Lucid Pi Prototype REM Sleep Mask

The first prototype version of the Lucid Pi sleep mask to detect REM and send a dream signal is up and running. Currently only the hardware is functioning. Software development is next.

Here you can see the overall system with portable power.

It’s based on the Raspberry Pi Zero W.

Portable power is provided by a RAVPower 10000mAh power bank.

It’s built on top of a Mindfold sleep mask.

Uses the bottom half of a Pi Zero case for support.

Here’s a closer look at the mask which is wired with common dupont connectors.

A SainSmart Mini Noir camera module is used to monitor the left eye.

Infrared LEDs, whose output cannot be seen and is generally considered safe, is used to illuminate the eye.

A variable resistor is used to adjust the brightness of the IR LEDs. Presently 10 mA is flowing through each of the four LEDs.

Input is provided by the user with a momentary on button.

Here you can see the user input button and variable resistor used as a dimmer.

Dream and other output signals will be sent using a surface mounted RGB LED to the likely dominate right eye.

Here you can see the camera as well as the illuminating IR LEDs on the left. On the right is the four color surface mounted LED used to send signals.

In addition to the Raspbian Linux operating system, software includes OpenCV for computer vision image processing and gpiozero to greatly simplify Python programming for the input button and output RGB LED.

To test the hardware configuration, I’m presently recording eye movements.

The focal length of the camera needed to be adjusted to focus on the eye. Factory setting for the camera is 50 cm to infinity distance.

Next I’ll be looking at various image processing algorithms to detect REM, such as frame differencing with OpenCV.


Woah that’s pretty cool. How much did this cost $ it total? Also do your eyes have to be open to detect anything? Sorry it’s all quite technical and confusing tbh, but super cool!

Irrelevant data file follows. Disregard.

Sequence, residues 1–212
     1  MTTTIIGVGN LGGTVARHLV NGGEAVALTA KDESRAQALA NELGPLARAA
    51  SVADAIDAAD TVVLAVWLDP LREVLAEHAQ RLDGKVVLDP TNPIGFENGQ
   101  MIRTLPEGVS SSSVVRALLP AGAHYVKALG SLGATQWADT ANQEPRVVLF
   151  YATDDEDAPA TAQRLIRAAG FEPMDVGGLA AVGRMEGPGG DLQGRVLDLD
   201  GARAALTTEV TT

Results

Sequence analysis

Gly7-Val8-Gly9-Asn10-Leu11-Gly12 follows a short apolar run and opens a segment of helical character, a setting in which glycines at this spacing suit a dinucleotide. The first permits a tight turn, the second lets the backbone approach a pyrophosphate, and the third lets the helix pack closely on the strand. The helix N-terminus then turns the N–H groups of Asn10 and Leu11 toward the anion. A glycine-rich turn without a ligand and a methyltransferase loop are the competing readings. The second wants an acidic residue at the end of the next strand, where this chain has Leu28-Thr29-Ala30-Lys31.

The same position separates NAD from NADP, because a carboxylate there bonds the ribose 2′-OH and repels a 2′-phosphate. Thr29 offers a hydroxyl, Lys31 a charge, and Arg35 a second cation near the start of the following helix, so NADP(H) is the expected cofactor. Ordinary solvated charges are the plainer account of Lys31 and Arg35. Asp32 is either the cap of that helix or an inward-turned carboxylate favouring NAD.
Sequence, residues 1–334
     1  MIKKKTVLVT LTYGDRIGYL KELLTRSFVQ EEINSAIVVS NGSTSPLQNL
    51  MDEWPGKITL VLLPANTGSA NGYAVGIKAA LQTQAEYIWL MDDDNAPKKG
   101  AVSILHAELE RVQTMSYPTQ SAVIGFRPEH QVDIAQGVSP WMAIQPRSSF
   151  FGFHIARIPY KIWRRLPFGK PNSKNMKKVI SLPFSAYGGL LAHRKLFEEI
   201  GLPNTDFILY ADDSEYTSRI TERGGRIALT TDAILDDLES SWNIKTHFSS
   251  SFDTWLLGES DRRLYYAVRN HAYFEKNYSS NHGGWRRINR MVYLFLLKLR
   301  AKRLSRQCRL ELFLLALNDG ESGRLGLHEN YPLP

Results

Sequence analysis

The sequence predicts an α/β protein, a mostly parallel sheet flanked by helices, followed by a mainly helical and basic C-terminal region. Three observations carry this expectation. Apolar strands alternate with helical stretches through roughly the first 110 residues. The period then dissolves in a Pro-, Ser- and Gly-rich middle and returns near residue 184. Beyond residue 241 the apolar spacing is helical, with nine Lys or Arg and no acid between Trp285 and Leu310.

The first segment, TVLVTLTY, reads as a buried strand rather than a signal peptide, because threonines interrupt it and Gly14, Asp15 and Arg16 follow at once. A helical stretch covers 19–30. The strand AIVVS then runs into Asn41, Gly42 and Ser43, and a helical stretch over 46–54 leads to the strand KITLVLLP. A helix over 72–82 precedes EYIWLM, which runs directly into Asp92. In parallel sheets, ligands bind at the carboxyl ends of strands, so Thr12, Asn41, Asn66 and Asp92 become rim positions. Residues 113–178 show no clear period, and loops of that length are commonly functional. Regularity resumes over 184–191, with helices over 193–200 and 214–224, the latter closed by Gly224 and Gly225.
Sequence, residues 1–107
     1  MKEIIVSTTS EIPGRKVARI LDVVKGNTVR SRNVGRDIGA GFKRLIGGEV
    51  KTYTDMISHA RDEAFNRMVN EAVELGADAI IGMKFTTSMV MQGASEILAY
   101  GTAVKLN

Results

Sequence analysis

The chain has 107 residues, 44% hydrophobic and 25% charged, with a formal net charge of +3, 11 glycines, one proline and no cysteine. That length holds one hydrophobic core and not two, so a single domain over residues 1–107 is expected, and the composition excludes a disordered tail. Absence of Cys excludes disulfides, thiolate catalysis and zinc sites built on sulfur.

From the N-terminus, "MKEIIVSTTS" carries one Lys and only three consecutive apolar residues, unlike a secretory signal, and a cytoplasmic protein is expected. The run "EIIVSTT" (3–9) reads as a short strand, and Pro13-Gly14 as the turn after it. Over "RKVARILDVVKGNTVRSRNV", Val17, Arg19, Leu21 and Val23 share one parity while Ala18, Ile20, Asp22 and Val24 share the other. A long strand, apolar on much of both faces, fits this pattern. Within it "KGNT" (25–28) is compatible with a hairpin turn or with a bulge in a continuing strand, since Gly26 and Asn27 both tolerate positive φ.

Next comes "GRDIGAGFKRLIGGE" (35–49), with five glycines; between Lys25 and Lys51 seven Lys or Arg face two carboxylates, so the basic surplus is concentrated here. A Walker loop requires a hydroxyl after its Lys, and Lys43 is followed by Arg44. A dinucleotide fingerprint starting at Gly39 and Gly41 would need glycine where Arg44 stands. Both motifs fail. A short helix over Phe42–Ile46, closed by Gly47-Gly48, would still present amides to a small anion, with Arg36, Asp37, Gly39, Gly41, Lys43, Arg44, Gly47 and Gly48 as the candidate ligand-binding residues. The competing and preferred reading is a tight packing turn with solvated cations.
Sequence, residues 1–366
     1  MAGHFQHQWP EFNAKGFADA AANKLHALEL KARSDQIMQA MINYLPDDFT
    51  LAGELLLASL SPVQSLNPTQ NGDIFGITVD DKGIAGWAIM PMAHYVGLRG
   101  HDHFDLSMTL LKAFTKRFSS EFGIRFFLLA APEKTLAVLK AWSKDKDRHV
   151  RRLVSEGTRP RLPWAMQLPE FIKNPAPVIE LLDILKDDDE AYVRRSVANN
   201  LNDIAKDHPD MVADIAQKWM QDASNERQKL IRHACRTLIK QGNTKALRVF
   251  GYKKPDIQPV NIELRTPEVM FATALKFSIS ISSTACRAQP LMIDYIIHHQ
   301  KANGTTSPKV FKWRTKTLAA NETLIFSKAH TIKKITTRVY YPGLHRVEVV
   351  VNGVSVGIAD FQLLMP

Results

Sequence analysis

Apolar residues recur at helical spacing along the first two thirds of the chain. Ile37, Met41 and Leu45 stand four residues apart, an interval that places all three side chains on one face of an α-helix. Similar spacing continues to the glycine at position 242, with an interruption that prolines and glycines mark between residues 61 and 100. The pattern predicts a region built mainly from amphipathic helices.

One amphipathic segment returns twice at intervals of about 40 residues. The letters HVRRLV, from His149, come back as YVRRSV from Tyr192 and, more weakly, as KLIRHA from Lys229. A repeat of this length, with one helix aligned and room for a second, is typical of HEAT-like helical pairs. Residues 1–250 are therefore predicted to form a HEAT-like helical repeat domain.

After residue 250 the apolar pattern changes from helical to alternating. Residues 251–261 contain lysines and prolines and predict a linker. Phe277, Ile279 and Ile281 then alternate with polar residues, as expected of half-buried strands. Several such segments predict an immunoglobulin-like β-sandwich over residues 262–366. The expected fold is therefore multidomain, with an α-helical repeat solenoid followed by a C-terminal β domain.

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Costs are roughly $15 for the Raspberry Pi Zero W, $12 for the sleep mask, $10 for the infrared camera, $6 for a micro SD card, $1 for a RGB led module, $1 for a Pi case, and a few more dollars for miscellaneous parts like resistors, connectors, electrical tape, cable ties, etc. It totals to about $50. Please be aware, though, that I order some parts from Asia on eBay. If you want them sooner, then you’ll have to pay more. It takes roughly a month for such parts to arrive, and some are lost in transit.

Next I’m going to use computer vision software to see if REM can be detected. Most likely there will be two thresholds, one to signal REM while in the sleeping state with eye lids closed, and a higher one to signal that normal eye moments are occurring with the eye lids open. A dream signal will be set when the lower threshold is met, but the higher one not exceeded. The input button could also be used to flash a state check signal.

If all goes well, since the Raspberry Pi Zero W has both blue tooth and wifi, then blue tooth headsets and speakers as well as home automation devices, e.g. smart power switches, might eventually be added to the system. Headsets and speaker might be used to send audio messages. Smart switches might be used to turn on a vibration pad or other electrical devices.


Looks like it might be fairly easy to differentiate between eyes closed and simulated “REM.” I simulated “REM” by rapidly moving my eyes with lids closed. Differentiating between simulated “REM” and eyes open, though, appears to be more difficult.

Here’s a recording of my left eye, just closed normally. I hope it’s typical of the eye when sleeping, but not in REM. The video is in gray scale at one quarter the actually color recording resolution, which is the usual input into the frame differencing algorithm referenced earlier.

(Sorry if you have any trouble viewing the MP4s. Video codecs which produce the MP4s on the Raspberry Pi are tricky. The format provided was the best I could do. It is viewable on my Windows machine, but may not be on Mac or other platforms. Looks like Google Drive’s video processing algorithms are having some trouble dealing with the format, so you will have to download the video to play it.)